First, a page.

Before we can activate the System::motd sketch, and according to the basic concepts described before, we need to have two elements: a parameter set and an environment.

First we define the parameter set that contains the values that will be used by the sketch:

cf-sketch> define params System::motd

Please enter a name for the new parameter set (default: System::motd-entry-000): motd_params
Querying configuration for parameter set 'motd_params' for bundle 'entry'.
Please enter parameter motd (Message of the Day (aka motd)).
  (enter STOP to cancel)
motd : Hello there!
Please enter parameter motd_path (Location of the primary, often only, MotD file).
  (enter STOP to cancel)
motd_path [/etc/motd]: /etc/motd
Please enter parameter prepend_command (Command output to prepend to MotD).
  (enter STOP to cancel)
prepend_command [/bin/uname -snrvm]: /bin/uname -snrvm
Please enter parameter dynamic_path (Location of the dynamic part of the MotD file).
  (enter STOP to cancel)
dynamic_path :
Please enter parameter symlink_path (Location of the symlink to the motd file).
  (enter STOP to cancel)
symlink_path :
Defining parameter set 'motd_params' with the entered data.
Parameter set motd_params successfully defined.

We can confirm that the parameter set has been properly defined using the list command:

cf-sketch> list -v params

The following parameter sets are defined:

motd_params: Sketch System::motd
  [System::motd][motd]: Hello there!
  [System::motd][motd_path]: /etc/motd
  [System::motd][prepend_command]: /bin/uname -snrvm

We also need to define an environment. For now we will define an environment that is always active:

cf-sketch> define environment -n walkthrough any

Environment 'walkthrough' successfully defined.

The list command can be used to verify that the environment was defined:

cf-sketch> list -v env walk

The following environments match your query:

  [activated]: any
  [test]: !any
  [verbose]: !any

Note that the test and verbose fields are optional and default to !any, which is equivalent to "never" in CFEnfgine terms.

Now, finally, we can activate the sketch by tying together the sketch name, parameter set and environment:

cf-sketch> activate System::motd motd_params walkthrough

Using generated activation ID 'System::motd-1'.
Using existing parameter definition 'motd_params'.
Using existing environment 'walkthrough'.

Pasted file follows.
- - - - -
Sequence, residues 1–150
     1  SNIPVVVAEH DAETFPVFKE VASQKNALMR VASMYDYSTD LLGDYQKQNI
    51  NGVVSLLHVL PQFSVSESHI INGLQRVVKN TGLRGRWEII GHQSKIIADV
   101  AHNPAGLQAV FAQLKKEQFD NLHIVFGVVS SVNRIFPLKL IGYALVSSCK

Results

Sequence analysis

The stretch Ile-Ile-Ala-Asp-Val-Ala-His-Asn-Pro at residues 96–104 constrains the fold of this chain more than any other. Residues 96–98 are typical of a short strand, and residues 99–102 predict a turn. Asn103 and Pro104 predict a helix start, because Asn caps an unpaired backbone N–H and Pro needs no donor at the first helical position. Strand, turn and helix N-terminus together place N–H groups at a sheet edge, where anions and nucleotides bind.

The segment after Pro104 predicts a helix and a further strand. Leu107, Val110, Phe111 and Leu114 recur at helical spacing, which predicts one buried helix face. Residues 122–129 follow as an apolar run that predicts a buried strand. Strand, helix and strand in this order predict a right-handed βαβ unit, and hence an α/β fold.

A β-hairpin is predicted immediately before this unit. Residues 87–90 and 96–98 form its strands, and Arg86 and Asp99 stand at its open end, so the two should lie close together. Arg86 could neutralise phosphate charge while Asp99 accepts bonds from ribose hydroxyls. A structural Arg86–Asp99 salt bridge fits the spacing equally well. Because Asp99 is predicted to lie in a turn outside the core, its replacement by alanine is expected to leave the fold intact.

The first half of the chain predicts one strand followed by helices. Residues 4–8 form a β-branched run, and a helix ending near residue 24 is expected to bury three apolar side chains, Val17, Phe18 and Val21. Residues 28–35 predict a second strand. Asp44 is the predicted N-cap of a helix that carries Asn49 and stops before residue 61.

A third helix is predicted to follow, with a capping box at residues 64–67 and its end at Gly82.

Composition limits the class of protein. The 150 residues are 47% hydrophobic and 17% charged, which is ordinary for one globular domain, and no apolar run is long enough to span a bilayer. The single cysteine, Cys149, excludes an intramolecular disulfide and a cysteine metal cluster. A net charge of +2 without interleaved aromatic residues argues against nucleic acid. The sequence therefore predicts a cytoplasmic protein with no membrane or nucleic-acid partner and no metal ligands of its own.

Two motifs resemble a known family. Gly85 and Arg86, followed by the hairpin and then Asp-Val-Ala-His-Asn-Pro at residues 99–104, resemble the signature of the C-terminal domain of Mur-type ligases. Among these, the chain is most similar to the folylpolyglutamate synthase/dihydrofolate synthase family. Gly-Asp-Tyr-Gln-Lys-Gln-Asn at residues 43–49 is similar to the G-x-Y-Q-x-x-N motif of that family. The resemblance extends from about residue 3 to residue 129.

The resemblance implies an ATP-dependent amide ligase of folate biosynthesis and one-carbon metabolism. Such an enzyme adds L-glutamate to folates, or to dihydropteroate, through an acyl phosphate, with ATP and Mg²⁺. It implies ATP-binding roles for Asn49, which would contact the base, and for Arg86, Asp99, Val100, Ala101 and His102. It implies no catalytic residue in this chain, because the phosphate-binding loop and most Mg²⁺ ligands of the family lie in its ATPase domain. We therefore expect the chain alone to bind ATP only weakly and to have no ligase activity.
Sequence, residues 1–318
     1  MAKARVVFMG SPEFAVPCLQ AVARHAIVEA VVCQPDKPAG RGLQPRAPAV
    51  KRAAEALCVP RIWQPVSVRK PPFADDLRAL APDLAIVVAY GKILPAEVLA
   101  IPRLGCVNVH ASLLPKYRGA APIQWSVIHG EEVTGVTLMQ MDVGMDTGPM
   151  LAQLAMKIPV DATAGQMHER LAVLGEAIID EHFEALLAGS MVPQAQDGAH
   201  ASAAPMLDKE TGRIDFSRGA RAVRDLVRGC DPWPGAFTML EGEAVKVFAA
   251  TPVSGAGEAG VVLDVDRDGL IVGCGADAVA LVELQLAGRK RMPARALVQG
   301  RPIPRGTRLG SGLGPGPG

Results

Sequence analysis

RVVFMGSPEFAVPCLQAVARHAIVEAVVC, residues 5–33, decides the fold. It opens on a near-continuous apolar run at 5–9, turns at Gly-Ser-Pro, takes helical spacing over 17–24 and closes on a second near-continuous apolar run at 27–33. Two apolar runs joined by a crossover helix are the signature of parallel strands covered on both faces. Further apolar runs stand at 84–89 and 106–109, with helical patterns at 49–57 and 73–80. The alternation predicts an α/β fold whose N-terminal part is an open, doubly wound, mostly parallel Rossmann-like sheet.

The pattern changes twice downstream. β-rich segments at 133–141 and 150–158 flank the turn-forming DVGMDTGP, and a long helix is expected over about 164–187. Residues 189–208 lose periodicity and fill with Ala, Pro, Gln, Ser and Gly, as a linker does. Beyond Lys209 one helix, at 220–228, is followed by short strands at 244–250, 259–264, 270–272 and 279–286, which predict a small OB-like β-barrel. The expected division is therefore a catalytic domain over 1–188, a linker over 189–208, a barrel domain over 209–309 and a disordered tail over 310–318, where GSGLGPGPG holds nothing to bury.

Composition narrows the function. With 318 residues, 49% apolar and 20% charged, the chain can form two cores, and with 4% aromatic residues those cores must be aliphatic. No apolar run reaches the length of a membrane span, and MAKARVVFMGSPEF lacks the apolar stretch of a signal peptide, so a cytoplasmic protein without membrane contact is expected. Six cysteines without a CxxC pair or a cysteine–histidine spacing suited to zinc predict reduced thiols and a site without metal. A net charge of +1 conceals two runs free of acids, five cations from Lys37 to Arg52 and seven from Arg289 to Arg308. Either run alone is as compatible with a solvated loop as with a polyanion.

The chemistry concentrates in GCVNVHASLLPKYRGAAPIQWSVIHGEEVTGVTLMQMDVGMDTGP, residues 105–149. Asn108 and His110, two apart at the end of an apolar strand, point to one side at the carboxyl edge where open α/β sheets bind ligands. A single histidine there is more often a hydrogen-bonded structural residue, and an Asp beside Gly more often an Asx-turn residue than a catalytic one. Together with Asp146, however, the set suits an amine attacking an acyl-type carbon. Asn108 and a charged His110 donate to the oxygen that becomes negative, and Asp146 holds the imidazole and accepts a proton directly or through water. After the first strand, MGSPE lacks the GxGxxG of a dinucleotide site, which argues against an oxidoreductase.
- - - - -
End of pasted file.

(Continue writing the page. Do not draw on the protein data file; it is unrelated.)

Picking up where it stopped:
Activating sketch System::motd with parameters motd_params.

We can verify that the activation has been created:

cf-sketch> list activations

The following activations are defined:

Activation ID System::motd-1
  Sketch: System::motd
  Parameter sets: [ motd_params ]
  Environment:  'walkthrough'

This means that when the sketches are deployed, the System::motd sketch will be executed with the values defined in the motd_params parameter set, and on the hosts that satisfy the conditions defined in the walkthrough environment (which includes all machines for now).

Generate and execute the runfile

So far all the definitions of parameters, environments and activations are known only to the cf-sketch tool. We need to deploy these changes, which creates the appropriate CFEngine policy files for executing the activated sketches. We have two commands for this:

The run command allows us to quickly test the execution of the sketches on the local host. It generates a standalone runfile that encodes all the necessary information for the activated sketches, and then executes it using cf-agent:

cf-sketch> run

Runfile /var/cfengine/inputs/ successfully generated.
Now executing the runfile with: /var/cfengine/bin/cf-agent  -f /var/cfengine/inputs/

The deploy command generates a non-standalone runfile that is meant to be loaded and executed from your main file:

cf-sketch> deploy

Runfile /var/cfengine/inputs/ successfully generated.

More information

The Design Center framework provides an API that takes care of managing all the backend framework, and cf-sketch offers an "expert" mode in addition to the interactive mode described in this tutorial. Once you are familiar with the basic concepts and want to learn more about how things work internally, you can take a look at the [advanced walkthrough][Design Center - an advanced walkthrough].

You may also want to look at the Design Center API reference guide.

Once you are ready to start writing Design Center sketches, you need to look at the Sketch Structure documentation.